BACKGROUND Previous studies have relied predominantly on the body-mass index (BMI, the weight in kilograms divided by the square of the height in meters) to assess the association of adiposity with the risk of death, but few have examined whether the distribution of body fat contributes to the prediction of death. METHODS We examined the association of BMI, waist circumference, and waist-to-hip ratio with the risk of death among 359,387 participants from nine countries in the European Prospective Investigation into Cancer and Nutrition (EPIC). We used a Cox regression analysis, with age as the time variable, and stratified the models according to study center and age at recruitment, with further adjustment for educational level, smoking status, alcohol consumption, physical activity, and height. RESULTS During a mean follow-up of 9.7 years, 14,723 participants died. The lowest risks of death related to BMI were observed at a BMI of 25.3 for men and 24.3 for women. After adjustment for BMI, waist circumference and waist-to-hip ratio were strongly associated with the risk of death. Relative risks among men and women in the highest quintile of waist circumference were 2.05 (95% confidence interval [CI], 1.80 to 2.33) and 1.78 (95% CI, 1.56 to 2.04), respectively, and in the highest quintile of waist-to-hip ratio, the relative risks were 1.68 (95% CI, 1.53 to 1.84) and 1.51 (95% CI, 1.37 to 1.66), respectively. BMI remained significantly associated with the risk of death in models that included waist circumference or waist-to-hip ratio (P<0.001). CONCLUSIONS These data suggest that both general adiposity and abdominal adiposity are associated with the risk of death and support the use of waist circumference or waist-tohip ratio in addition to BMI in assessing the risk of death. (Less)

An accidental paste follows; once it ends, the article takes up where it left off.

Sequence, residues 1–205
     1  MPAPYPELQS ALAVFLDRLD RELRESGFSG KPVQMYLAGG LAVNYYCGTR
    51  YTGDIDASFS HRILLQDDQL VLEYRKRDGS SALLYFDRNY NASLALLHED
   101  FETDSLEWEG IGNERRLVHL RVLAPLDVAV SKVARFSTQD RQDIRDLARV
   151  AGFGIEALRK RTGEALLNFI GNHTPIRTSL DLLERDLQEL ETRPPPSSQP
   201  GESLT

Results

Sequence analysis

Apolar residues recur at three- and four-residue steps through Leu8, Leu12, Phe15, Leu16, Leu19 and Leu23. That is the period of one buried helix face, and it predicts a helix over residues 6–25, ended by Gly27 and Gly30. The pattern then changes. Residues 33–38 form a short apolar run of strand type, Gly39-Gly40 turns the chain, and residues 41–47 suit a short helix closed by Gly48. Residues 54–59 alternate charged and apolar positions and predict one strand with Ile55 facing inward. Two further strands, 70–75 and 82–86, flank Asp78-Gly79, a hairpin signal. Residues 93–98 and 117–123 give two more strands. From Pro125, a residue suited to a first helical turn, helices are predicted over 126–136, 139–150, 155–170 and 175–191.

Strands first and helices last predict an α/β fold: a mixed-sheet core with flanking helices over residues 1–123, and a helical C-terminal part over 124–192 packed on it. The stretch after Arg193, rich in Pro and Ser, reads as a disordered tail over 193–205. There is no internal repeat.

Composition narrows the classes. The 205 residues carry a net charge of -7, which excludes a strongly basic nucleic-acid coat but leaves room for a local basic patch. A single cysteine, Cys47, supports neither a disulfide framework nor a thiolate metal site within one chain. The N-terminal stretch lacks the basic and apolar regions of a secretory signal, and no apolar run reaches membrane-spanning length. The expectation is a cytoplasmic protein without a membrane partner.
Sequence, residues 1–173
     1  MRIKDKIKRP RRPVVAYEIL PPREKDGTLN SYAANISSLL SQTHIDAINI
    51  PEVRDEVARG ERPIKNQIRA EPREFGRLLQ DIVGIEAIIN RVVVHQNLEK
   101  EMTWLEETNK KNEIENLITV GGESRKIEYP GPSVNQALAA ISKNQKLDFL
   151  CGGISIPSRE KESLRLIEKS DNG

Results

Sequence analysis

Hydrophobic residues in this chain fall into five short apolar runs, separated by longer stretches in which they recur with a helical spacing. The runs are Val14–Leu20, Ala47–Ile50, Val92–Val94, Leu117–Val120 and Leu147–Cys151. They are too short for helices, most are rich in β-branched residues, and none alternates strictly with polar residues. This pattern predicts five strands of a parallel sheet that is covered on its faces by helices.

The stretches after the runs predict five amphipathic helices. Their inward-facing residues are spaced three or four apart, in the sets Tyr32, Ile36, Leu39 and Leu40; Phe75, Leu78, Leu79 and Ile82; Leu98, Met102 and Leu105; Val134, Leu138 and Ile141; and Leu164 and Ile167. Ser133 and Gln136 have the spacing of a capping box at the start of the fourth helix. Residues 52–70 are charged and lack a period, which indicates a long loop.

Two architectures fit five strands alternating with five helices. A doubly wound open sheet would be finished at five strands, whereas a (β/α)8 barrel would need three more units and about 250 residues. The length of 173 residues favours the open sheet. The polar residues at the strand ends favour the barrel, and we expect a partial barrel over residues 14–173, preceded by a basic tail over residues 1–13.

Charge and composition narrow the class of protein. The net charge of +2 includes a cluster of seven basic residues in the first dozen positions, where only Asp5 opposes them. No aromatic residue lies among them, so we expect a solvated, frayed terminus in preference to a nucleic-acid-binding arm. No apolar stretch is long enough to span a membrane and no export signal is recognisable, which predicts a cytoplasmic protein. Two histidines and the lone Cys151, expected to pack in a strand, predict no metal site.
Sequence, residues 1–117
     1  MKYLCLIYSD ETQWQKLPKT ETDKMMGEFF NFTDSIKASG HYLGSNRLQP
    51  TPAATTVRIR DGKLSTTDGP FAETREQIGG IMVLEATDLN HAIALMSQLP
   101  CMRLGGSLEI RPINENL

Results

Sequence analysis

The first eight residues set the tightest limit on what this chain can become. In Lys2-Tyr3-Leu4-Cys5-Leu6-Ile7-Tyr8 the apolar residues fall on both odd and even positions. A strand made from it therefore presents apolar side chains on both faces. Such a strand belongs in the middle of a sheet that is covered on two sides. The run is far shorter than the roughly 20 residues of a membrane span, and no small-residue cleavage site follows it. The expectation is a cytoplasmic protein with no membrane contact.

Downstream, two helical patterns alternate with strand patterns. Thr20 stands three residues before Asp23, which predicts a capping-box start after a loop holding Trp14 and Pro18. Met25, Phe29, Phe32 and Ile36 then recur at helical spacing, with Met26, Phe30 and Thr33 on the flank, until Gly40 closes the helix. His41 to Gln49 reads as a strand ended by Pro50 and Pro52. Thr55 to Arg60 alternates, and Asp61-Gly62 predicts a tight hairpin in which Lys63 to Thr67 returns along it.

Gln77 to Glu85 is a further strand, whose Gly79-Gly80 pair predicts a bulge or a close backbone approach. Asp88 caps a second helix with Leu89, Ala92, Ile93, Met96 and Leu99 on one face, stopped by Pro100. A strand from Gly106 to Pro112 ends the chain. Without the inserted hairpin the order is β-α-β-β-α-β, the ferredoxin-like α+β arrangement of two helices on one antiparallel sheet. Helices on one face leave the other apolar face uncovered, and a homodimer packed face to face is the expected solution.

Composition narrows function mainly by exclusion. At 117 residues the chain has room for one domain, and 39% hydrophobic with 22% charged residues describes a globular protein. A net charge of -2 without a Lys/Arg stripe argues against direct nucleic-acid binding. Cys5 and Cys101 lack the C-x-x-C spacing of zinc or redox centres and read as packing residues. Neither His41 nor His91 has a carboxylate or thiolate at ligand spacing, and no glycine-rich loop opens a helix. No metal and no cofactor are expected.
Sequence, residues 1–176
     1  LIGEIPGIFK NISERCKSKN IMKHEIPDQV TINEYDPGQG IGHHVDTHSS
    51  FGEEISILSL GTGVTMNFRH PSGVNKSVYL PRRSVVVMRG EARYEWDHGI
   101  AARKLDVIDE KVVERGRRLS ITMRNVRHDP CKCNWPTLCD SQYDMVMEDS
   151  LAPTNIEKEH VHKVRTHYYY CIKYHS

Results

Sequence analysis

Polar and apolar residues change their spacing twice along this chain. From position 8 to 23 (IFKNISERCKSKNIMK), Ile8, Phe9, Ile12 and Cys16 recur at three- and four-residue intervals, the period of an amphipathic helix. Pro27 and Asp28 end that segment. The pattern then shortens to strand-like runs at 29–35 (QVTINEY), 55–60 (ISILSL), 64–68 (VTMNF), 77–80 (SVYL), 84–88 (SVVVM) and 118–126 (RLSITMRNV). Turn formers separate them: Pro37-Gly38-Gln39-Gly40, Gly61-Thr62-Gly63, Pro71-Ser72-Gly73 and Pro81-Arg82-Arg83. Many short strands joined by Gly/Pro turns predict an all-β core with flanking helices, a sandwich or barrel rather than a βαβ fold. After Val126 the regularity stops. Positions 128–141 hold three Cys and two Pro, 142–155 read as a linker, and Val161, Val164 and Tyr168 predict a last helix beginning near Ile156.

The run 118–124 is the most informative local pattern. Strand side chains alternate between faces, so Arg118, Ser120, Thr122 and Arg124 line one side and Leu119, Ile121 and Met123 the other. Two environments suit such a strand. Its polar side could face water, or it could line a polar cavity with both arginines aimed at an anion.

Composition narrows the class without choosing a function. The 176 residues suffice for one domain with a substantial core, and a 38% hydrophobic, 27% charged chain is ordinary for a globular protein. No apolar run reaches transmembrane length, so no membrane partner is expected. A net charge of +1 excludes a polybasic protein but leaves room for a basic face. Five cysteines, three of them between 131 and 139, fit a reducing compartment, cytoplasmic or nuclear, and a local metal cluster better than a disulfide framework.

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New England Journal of Medicine